Information and communications technology (ICT) practitioners, education professionals and representatives from the private sector and higher education gathered at the Premier Hotel in East London recently for the two-day Technology in Education Roundtable.
Under the theme of “An Inclusive, Sustainable and Effective ICT Integration in Enhancing Quality of Teaching and Learning Outcomes”, one of the objectives was to develop programmes aimed towards the adoption of ICT for teaching and learning outcomes.
Eastern Cape department of education (ECDoE) head Themba Kojana said the sessions are vital to ensure the success of the project in light of the Fourth Industrial Revolution (4IR).
“The proliferation of connected mobile devices in society has given us the impetus to change the entire public education system to leverage these smart tools to empower educators in producing higher performing pupils,” Kojana said.
Speaking on curriculum and e-content, curriculum management chief director Genevieve Koopman said that teachers need to incorporate the technology in their teaching.
“Teachers should use the technology for learning, but there are also contextual factors that could obstruct this, such as the knowledge and confidence levels of the teachers, the access to ICT tools and leadership and technical support available,” said Koopman said.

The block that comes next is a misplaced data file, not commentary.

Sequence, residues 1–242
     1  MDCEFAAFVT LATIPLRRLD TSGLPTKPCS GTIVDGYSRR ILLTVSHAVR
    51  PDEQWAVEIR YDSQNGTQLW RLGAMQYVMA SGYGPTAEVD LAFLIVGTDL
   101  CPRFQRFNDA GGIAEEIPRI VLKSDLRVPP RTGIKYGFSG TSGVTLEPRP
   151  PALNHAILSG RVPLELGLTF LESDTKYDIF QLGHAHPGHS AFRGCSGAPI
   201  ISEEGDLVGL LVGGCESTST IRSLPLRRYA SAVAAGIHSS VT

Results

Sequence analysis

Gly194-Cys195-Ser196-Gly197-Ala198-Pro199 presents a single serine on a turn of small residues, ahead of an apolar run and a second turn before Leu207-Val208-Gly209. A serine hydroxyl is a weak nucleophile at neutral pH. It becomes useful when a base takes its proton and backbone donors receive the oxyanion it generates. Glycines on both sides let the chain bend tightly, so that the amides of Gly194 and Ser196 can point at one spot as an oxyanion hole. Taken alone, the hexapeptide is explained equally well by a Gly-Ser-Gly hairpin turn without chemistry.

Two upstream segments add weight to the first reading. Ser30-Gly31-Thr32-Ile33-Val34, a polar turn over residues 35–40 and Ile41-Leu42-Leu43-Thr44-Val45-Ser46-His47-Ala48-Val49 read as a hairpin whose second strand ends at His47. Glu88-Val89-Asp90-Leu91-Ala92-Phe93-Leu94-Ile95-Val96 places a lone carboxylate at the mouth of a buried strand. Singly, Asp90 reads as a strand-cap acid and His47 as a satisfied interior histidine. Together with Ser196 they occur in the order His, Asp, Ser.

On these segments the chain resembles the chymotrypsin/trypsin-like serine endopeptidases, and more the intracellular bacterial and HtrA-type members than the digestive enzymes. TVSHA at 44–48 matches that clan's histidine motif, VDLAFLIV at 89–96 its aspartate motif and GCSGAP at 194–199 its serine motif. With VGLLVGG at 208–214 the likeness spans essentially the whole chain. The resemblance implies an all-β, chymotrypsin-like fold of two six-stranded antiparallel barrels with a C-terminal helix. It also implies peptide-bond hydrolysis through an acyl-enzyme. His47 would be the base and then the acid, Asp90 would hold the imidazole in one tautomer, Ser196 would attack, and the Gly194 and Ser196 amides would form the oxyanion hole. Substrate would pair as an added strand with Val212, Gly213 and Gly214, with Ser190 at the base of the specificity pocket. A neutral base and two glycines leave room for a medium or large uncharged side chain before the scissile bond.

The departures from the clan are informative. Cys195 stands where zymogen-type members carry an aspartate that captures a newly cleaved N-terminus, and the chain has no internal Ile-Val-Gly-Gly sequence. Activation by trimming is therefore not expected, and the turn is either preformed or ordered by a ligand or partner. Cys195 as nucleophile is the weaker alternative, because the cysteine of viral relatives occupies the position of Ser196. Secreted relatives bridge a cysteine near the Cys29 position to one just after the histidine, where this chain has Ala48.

She also added that not having the budget for proper implementation will seriously restrict any future plans.
EC education department IT director Benedict Khohliso said in implementing the framework from 2020 to 2024, they aim to have “service-ready schools”.
“We need to start programmes to bring innovation and improve how we do things, and we welcome these solutions from various sectors,” Khohliso said.
He also pointed out some of the challenges faced by schools, such as Nonceba Senior Secondary School in Zwelitsha near King William’s Town.
An internally developed ECDoE five-day beginners’ laptop roll-out course for foundation phase teachers, has seen 17,432 trained prior to 2018.
Vodacom Group’s managing executive of public enterprises Rudi Matjokana said technology is not a replacement for the educator, but an enabler to assist them to enhance teaching and learning to prepare pupils to be global citizens.